A few months ago, I wrote a blog post on Facebook’s EdgeRank and the confusion behind the secret algorithm that decides whether your post will make it to your fans’ news feed.
A recent study by PageLever confirms the importance of News Feed Optimization (NFO) aka the science of making your posts appear on your fans’ page. The study, which examined hundreds of Facebook Pages, suggests that most impressions for your posts happen in the news feeds and not on the page itself. Although the difference in impressions is not as big for Facebook Pages with less than 10,000 fans (50% more impressions per fan on the news feeds), it is quite large for pages with more than 1,000,000 fans. Such pages experience almost 20 times more impressions per fan on the news feeds than on the page itself, according to the study.
This simply means that News Feed Optimization should be at the core of your fan engagement strategy. Obviously, your Facebook Page remains very important when it comes to fan acquisition, and Facebook Apps should not be discounted, especially when the goal is engaging and nurturing a fan base. However, Facebook App developers should focus on the sharing and viral aspect of those apps via the news feed.
The confusion I exposed with EdgeRank was really due to the fact that it was a proprietary number, and that this score was personal and ephemeral by definition. In fact, an EdgeRank is calculated for each post and each fan to determine if the post will appear on the person’s news feed at a particular time. Although it is important to grasp the mechanisms behind EdgeRank to comprehend how your posts make it to your fans’ news feed, it has been very difficult, if not impossible, for Facebook marketers to quantify the quality of posts in order to refine the message for optimal fan exposure.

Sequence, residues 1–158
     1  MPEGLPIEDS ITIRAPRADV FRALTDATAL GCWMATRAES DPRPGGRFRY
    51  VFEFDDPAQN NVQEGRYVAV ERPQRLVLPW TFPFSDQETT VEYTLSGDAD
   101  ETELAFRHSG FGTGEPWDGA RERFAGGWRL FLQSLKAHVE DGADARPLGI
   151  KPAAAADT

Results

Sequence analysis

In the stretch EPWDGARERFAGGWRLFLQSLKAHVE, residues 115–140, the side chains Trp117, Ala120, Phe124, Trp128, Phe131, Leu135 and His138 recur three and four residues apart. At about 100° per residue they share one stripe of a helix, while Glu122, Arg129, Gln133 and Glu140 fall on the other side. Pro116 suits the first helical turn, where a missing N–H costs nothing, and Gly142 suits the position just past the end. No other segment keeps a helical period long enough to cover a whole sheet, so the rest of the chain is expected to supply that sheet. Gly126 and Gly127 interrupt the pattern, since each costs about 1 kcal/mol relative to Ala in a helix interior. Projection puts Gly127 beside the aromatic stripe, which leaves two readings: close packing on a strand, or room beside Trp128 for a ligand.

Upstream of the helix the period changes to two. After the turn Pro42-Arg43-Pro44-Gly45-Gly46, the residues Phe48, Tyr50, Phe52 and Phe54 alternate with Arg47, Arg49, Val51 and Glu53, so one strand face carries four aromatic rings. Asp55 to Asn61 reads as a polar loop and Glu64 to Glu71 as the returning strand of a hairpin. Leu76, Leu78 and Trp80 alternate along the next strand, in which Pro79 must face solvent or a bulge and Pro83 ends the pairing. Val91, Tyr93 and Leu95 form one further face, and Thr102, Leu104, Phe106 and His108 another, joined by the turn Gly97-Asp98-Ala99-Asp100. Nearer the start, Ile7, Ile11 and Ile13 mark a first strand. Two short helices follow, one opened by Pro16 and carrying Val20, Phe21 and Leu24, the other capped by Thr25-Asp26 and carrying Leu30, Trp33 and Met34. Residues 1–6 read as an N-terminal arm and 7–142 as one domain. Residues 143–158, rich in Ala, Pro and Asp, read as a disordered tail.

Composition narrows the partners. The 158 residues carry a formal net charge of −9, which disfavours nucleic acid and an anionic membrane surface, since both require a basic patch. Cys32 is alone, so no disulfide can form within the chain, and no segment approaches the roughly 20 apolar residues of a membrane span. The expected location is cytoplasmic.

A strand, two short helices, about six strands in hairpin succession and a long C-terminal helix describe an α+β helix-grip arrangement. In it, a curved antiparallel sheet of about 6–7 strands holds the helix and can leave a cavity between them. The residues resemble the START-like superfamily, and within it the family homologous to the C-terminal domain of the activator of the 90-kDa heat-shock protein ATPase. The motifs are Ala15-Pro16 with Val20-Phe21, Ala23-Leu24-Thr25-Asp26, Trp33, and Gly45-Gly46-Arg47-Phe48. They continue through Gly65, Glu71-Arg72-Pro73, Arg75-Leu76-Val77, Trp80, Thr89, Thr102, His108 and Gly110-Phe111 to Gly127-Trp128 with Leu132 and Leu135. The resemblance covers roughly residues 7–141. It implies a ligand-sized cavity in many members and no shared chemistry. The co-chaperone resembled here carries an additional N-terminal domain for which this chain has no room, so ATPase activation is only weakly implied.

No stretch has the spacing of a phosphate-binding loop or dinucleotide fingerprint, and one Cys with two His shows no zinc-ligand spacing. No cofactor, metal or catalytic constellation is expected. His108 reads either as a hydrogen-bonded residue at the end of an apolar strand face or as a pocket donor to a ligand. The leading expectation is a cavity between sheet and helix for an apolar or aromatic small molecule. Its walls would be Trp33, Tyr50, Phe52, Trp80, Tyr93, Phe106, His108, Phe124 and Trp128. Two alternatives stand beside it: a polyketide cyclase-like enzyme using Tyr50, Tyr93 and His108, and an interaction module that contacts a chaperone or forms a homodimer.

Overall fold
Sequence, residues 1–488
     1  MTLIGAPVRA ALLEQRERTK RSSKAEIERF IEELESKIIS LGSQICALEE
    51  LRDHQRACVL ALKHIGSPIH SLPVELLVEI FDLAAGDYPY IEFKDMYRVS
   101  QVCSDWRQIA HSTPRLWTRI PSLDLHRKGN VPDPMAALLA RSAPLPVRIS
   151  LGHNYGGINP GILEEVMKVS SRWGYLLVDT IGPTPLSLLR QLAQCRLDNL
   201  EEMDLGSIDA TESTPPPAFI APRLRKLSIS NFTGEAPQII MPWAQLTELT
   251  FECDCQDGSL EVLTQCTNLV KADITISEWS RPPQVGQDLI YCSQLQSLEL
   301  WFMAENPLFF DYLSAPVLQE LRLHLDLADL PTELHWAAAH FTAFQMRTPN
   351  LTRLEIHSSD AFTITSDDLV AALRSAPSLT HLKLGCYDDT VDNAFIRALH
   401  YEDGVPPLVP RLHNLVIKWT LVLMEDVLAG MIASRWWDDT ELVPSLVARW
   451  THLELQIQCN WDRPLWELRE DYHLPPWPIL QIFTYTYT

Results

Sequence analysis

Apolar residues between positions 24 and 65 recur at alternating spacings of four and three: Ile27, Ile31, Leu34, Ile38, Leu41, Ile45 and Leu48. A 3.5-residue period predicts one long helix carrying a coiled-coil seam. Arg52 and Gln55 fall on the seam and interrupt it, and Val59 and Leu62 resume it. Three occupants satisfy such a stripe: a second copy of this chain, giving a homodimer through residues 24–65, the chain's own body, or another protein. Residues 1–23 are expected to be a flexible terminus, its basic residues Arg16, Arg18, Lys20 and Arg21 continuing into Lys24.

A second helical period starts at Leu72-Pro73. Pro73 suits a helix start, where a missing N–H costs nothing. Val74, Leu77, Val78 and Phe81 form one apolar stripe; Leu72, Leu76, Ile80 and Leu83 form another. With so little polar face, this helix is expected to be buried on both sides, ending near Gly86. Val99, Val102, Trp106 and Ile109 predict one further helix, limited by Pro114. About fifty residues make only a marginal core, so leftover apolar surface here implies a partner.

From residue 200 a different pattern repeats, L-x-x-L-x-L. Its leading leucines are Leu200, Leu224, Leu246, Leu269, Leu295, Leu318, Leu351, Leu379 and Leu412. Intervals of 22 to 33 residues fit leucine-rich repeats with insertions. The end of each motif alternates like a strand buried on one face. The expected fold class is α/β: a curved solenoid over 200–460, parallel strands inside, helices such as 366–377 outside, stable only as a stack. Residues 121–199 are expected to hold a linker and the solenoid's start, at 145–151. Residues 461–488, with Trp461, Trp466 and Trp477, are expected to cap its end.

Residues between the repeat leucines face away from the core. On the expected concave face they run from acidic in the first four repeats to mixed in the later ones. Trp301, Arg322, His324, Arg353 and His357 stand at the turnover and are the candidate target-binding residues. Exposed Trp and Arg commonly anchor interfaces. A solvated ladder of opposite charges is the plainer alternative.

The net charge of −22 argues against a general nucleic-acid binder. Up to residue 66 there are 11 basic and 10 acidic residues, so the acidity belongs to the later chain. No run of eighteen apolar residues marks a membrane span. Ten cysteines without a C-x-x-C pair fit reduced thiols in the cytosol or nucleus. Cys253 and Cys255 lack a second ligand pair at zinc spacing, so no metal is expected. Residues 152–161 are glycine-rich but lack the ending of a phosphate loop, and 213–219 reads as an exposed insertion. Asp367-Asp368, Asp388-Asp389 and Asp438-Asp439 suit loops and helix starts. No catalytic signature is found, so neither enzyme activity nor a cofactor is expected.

As illustrated in the diagram below, the first post on the Webtrends Facebook Fan Page (on the left) will only make it to the news feed of the first three people as the EdgeRank for that post for each of those fans is high enough (greater than 10 in the example). The problem is that EdgeRank is a proprietary score used by Facebook and not available to marketers (numbers in the diagram are arbitrary).
To address this ubiquitous challenge, Webtrends developed a sophisticated algorithm that makes use of publicly available information in order to quantify and compare the quality of posts. The new Webtrends Post Strength Indicator or PSI is a score on a 1-100 scale that allows Facebook marketers to understand what messages resonate with their audience and may lead to greater engagement. In the example above, the first post would show a PSI score of 56 and the second post a score of 55.
Until now, News Feed Optimization had to be based on empirical analysis and mostly a trial and error approach. By examining the PSI of your posts, you can now optimize the quality, frequency and timing of your posts to help with your News Feed Optimization efforts. The PSI is available in recently released Webtrends Hoverstats, currently available as a free Chrome extension.
I dreamed about the PSI in my last article. You can easily imagine that the next step could be the computation of a score to quantify the overall quality of a Facebook Page so that marketers could monitor the relevance of their Facebook presence over time, and, if the information is made public, compare it with other organizations in their industry. This “Page Score” could be based on all the PSIs of your Facebook Page weighted by post recency, but I may be dreaming again…